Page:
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Development of the human rights of women in a cultural milieu

Iniye L.I. Ikimi


There was a time when women were regarded as the slaves of men but that time has faded away. Women in most parts of the world are apparently measuring up to, or healthily competing with men in all fields of life, and are making progress. Human rights are not for men alone; they are inherent in women and should be enjoyed by them without discrimination. However despite significant achievements in the quest for women’s equality and in particular the entry into force of the Convention on the Elimination of All Forms of Discrimination Against Women, ensuring gender equality remains an enormous challenge. It is not just the ratification of treaties that guarantees gender equality but the transformation of entrenched or deep-rooted traditional practices that discriminate against women. This paper is a discourse on the development of human rights of women around the world, particularly in cultural settings in Nigeria. It seeks to reveal the actual state of women in the enjoyment of their human rights where entrenched cultural barriers serve as inducement for discrimination and how women in such milieux can be salvaged from their deplorable condition. A few recommendations are made and this brings the paper to conclusion.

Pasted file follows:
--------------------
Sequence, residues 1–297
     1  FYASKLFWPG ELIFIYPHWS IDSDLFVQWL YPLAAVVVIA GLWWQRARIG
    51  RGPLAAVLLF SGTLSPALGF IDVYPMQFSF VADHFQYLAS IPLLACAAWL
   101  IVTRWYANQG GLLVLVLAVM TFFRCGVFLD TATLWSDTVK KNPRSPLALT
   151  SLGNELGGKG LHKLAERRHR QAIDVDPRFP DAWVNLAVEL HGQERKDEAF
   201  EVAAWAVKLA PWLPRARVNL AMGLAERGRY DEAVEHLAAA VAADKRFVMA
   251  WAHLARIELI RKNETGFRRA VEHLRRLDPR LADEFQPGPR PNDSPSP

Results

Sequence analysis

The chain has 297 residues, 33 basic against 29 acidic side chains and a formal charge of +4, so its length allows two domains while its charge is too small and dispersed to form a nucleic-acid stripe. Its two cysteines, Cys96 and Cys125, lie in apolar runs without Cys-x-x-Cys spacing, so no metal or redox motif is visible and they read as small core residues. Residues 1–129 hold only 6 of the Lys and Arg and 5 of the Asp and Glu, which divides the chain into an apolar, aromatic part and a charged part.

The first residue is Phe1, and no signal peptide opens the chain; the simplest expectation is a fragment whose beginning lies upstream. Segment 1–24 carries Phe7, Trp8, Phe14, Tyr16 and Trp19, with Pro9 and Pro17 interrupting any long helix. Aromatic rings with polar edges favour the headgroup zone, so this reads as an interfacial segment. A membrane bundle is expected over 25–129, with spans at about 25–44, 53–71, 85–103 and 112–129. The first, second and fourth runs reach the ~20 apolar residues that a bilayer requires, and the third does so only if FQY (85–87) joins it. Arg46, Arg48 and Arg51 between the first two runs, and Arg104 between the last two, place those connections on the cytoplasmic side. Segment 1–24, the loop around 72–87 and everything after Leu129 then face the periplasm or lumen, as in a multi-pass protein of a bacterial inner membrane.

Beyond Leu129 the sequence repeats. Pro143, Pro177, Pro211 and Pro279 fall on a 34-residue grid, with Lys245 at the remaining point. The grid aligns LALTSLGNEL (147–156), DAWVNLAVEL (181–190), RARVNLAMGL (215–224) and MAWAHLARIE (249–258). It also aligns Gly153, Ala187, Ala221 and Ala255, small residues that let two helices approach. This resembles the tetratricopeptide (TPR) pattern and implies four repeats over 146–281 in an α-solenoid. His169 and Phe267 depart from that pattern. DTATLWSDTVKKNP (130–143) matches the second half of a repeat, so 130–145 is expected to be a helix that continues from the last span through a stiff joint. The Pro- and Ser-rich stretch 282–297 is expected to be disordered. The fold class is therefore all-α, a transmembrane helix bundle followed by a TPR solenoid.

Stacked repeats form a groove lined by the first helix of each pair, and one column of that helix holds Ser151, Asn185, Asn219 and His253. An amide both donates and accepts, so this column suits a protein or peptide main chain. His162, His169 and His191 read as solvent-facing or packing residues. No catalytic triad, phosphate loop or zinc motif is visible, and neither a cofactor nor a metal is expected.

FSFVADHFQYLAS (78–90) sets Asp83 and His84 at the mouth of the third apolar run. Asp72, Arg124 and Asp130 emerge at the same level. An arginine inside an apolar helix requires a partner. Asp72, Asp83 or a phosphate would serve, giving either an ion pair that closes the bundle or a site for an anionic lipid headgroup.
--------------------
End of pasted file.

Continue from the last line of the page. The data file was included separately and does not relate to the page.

Keywords: Human Rights, Women, Culture, CEDAW